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Topic: harvard calc
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Joan Reinthaler

Posts: 110
Registered: 12/6/04
harvard calc
Posted: Jun 9, 1997 9:03 PM
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Here are some random thoughts about the discussion on the merits of the
Harvard Calculus book and other reform texts and reform calculus courses
in general.

First of all, I would categorize most calculus students this way:

1) students who intend to concentrate in mathematics - for whom calculus
is a first step toward analysis.

2) students who intend to pursue the study of physics or other physical
sciences for whom calculus is a first step toward the ability to model the
physical world through differential equations.

3) students who intend to use calculus to pursue the study of an
increasingly math-dependent world of social sciences.

I suspect it is a safe bet that, when they were students, most college and
university math professors fell into the first category. They ended up as
professors because they were uncommonly successful at being math majors -
most of them in a pre-technology age. They were good at symbol crunching
and probably liked it. Maybe they looked at their work graphically -
maybe not, but it is unlikely that they spent much time (at least in a
pre-technology age) looking at things numerically.

But what about their students? Maybe the math-major intenders think a lot
like they do which is wonderful, but I'll bet that most of the rest of
them, at least those in the 3rd category, think very differently. These
may be kids for whom symbol manipulation offers little enlightenment, who
desperately need pictures or numbers. These are kids who will need to use
calculus and who will need to understand, on an intuitive and gut level,
what they are doing and why and, for many of them rigor, at least
initially, may be a barrier to this intuition.

Why is this so horrible? Is there something immoral about learning how to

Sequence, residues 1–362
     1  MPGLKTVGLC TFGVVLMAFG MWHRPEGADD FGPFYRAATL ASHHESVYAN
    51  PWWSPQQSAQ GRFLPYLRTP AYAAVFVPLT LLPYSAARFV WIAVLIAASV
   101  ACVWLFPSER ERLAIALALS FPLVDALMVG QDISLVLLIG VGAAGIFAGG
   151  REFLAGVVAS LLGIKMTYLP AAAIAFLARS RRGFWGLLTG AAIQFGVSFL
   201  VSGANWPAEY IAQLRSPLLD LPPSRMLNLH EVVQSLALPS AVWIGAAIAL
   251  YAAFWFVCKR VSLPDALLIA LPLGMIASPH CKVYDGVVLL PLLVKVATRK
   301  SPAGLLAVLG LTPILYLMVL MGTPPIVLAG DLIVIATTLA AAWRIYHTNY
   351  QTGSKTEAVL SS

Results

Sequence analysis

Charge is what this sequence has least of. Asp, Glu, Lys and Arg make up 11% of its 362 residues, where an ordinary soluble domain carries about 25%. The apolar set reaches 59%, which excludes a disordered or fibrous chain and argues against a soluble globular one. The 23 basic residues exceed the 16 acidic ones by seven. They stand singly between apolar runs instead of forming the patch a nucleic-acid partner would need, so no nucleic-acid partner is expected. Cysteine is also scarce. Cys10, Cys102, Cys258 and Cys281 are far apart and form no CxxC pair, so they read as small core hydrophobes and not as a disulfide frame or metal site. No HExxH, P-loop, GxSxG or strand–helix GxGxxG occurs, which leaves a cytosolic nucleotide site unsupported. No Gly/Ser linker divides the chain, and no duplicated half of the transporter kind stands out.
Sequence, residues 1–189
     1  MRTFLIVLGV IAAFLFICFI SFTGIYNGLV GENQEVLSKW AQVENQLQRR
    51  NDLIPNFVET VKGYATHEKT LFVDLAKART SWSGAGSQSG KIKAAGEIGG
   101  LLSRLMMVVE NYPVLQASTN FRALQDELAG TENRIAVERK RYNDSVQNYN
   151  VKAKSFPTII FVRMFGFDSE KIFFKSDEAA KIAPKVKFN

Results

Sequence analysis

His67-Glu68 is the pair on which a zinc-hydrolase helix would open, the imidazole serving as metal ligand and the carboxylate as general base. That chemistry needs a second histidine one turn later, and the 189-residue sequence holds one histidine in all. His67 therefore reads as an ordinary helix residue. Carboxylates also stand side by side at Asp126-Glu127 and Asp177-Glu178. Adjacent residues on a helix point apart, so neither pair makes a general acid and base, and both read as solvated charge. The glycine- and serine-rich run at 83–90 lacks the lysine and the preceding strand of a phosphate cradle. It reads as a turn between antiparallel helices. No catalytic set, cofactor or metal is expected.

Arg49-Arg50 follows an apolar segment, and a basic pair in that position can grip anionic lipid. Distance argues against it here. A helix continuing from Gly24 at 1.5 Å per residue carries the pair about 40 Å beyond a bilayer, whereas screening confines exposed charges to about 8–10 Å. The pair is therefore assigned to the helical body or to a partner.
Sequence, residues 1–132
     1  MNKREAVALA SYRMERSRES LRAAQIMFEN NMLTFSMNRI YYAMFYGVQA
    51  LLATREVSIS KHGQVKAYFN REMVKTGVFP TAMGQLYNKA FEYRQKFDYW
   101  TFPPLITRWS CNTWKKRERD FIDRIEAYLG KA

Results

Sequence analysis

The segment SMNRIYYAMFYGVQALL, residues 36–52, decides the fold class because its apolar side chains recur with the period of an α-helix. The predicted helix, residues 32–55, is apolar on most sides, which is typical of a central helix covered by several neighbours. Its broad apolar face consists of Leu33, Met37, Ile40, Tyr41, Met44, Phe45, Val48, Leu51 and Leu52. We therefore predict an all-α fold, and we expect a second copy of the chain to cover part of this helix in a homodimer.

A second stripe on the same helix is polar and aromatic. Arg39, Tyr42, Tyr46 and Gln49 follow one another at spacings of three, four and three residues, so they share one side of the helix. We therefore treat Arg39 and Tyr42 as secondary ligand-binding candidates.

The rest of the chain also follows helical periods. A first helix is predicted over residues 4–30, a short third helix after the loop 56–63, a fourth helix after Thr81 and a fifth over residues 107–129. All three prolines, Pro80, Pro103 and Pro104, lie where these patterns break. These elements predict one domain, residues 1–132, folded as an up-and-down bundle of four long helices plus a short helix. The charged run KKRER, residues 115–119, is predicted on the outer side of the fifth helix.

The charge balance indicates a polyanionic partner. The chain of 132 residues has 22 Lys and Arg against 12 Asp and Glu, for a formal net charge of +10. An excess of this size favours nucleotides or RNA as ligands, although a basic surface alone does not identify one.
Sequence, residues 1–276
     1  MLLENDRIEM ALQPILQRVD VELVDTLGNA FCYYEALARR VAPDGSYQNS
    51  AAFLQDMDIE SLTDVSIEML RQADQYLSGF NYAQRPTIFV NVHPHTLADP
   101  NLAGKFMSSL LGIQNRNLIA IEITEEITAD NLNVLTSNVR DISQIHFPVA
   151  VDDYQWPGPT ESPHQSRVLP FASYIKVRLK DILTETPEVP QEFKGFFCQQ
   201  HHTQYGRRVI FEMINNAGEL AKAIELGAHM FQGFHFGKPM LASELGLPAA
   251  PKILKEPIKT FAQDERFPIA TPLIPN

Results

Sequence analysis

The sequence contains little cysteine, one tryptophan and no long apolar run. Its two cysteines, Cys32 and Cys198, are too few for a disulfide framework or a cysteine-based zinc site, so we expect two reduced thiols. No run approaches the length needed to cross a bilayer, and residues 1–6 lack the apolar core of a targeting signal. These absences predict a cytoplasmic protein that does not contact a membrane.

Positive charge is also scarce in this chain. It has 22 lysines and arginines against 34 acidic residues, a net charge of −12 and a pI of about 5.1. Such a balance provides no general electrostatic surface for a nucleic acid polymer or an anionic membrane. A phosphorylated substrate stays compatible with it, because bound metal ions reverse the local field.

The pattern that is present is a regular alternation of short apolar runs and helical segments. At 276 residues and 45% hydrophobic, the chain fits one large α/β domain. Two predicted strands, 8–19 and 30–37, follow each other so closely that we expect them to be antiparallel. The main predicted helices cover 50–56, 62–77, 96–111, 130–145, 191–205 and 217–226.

use mathematics instead of learning mathematics for its own sake? (and -
from my experience in teaching the Harvard book, this is precisely what it
offers). It is not a book for everyone but it is a book, IMHO, for a lot
of kids and a good one. (Yes they shouldn't have left the MVT out, but
every text I have ever taught needs some supplementing). And the tone of
scorn that some recent writers have heaped on calculus courses for
non-math majors does not reflect very admirably on the math teaching

Maybe the emotions that underlie the recent discussion about all of this
are a reaction to the fear that many of the recent changes in high school
math education are calculated to meet the needs of those who are unlikely
to go on ultimately in mathematics and that, in the process, the needs of
the strongest math students are not being addressed. I don't think there
is any doubt that this is happening. I wish that the needs of a greater
variety of students were being attended to and, as a teacher of some very
strong math students, I find myself increasingly challenged to find good
texts and materials for them. But this doesn't mean that the Harvard book
and the other reform calculus books are not needed and welcome resources
for some of my students. It just means that I have to look elsewhere for
a book for the others.

Joan Reinthaler
Sidwell Friends School

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